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I wonder if the following statement is true? Let $x_i$ be i.i.d. drawn from distribution $F$ with non-negative support and $f(0)>0$, i.e. the density at zero is positive. Let $X_{i:n}$ be the $i$-th order statistics of a sample of size $n$, where $X_{1:n}=\min\{x_1,...,x_n\}$. Is the following always true?

$Var(X_{1:n})> Cov(X_{1:n+1},X_{2:n+1})$

I've tried simulations with many different parent distributions and it seems to hold true, but I cannot analytically verify this.

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  • $\begingroup$ Let $F$ be Bernoulli$(1/2)$ and $n=1$. If my quick calculation is correct, I believe your statement then asserts $1/4 \gt 1/3$. Are you making some implicit assumptions about the size of $n$ or the nature of $F$? $\endgroup$ – whuber May 26 '16 at 20:51
  • $\begingroup$ @whuber I did forget to say that F is assumed to have non-negative support, but I'm not sure if you are right with the Bernoulli case. When F is Bernoulli, $Var(X_{1:1})=Var(x)=1/4$. On the other hand, $$Cov(X_{1:n+1},X_{2:n+1}) = E[X_{1:n+1} X_{2:n+1}] - E[X_{1:n+1}] E[X_{2:n+1}] = 1/8$$. $\endgroup$ – user341296 May 26 '16 at 21:17
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    $\begingroup$ Are you sure that covariance is not 1/16, with correlation = 1/3? $\endgroup$ – Mark L. Stone May 26 '16 at 23:14
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    $\begingroup$ You're right--I did miscalculate the covariance. To make amends, I have posted a more careful reply. $\endgroup$ – whuber May 27 '16 at 15:08
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It's not true.

Intuitively, we can make the variance of the minimum of $n$ iid samples small by using a distribution $F$ that has a high concentration of probability near its minimum. To make the covariance of the two lowest values high, we need to create some chance that both the lowest and second lowest will frequently be very much greater than the minimum.

This is a delicate balancing act, but it's possible. As an example I offer a mixture distribution (whose parameters were found through trial and error): $5\%$ of it is a standard Lognormal (giving a concentrated probability in the range from $0$ to $10$) and the remaining $95\%$ is a Gamma$(30)$ distribution, scaled by a factor of $2$, so that most of its values are between $40$ and $100$:

Figure

On the left of the figure is the bivariate density of $(X_{[1;n+1]}, X_{[2;n+1]})$. It was drawn by simulating $100,000$ pairs of values and plotting them as transparent gray dots. On the right is the histogram of $X$ (based on the same simulation).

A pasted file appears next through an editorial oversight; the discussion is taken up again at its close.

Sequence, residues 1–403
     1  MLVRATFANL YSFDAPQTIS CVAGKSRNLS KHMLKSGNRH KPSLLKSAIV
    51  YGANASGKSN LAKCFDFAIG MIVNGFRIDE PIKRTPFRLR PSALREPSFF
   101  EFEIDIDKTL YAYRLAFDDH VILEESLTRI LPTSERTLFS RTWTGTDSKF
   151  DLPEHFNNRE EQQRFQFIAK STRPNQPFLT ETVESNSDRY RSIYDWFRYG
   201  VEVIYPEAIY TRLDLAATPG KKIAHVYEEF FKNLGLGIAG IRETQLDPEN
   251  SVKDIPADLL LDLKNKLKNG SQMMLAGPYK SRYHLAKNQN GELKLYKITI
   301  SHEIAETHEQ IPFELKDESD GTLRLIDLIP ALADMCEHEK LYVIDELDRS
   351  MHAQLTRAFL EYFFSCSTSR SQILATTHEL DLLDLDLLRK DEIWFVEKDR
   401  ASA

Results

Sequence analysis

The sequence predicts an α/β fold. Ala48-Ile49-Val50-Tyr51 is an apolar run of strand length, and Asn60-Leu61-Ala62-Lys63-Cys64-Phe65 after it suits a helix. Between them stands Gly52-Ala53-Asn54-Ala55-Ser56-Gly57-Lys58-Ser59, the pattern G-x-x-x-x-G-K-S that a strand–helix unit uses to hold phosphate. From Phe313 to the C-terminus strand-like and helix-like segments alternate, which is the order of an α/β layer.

Since I don't care to work out the integrals that give these values, I will offer results of a simulation. In each iteration $n+1=100$ iid values are drawn from this distribution, then $X_{[1;n+1]}$ and $X_{[2;n+1]}$ are found by sorting them. One of the $n+1$ values is then randomly removed and $X_{[1;n]}$ is found as their minimum. This is repeated $20,000$ times and the variance of $X_{[1;n]}$ as well as the covariance of $(X_{[1;n+1]}, X_{[2;n+1]})$ are estimated. The entire process is iterated one hundred times. The average of the variances is around $8.2$ and the average of the covariances around $9.2$, reversing the expected inequality. In all hundred instances the variance is less than the covariance, providing convincing evidence that these results are significant.

Figure 2: scatterplot of variance and covariance results

The conjecture in the question supposes that on average the dots will plot below the line. That clearly is not true in this case: the covariances (on the vertical axis) exceed the variances (on the horizontal axis).

Here is the R code that was used (modified to make the simulation smaller; it still produces significant results).

f <- function(n=100, n.sim=2e3) {
  x1 <- exp(rnorm(n*n.sim))
  x2 <- rgamma(n*n.sim, 30, scale=2)
  p <- runif(n*n.sim) < 5/n
  x <- apply(matrix(ifelse(p, x1, x2), nrow=n), 2, sort)
  x.n <- apply(x, 2, function(y) min(sample(y, n-1)))
  return(c(var(x.n), cov(x[1, ], x[2, ])))
}
set.seed(17)
x <- replicate(1e1, f())

plot(t(x), xlab="Var(X[1:n])", ylab="Cov(X[1:n+1],X[2:n+1])")
abline(c(0,1), col="Red", lwd=2)
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  • $\begingroup$ Thanks again for the help last week. I wonder if I can bother you a little more on this topic? I am curious if my conjecture is true when the PDF, $f$, is weakly decreasing? $\endgroup$ – user341296 May 31 '16 at 14:52
  • $\begingroup$ There is no such PDF, because then the integral out to $-\infty$ would diverge. You might try unimodal instead if you want to block the idea I used here of capturing the minimum within an isolated mode of the distribution. $\endgroup$ – whuber May 31 '16 at 15:01
  • $\begingroup$ I meant $F$ with non-negative support and $f$ that is weakly decreasing. I doubt unimodal would ensure the conjecture to be true. Thanks much :) $\endgroup$ – user341296 May 31 '16 at 17:02
  • $\begingroup$ Hmmm... I think I convinced myself earlier that it must be true for unimodal distributions. A counterexample might be interesting. Incidentally, a weakly decreasing $f$ over non-negative support is a special case of a unimodal distribution. $\endgroup$ – whuber May 31 '16 at 18:22
  • $\begingroup$ Good point. I don't have any intuition on why unimodal would work, except that it blocks your example. $\endgroup$ – user341296 May 31 '16 at 21:46

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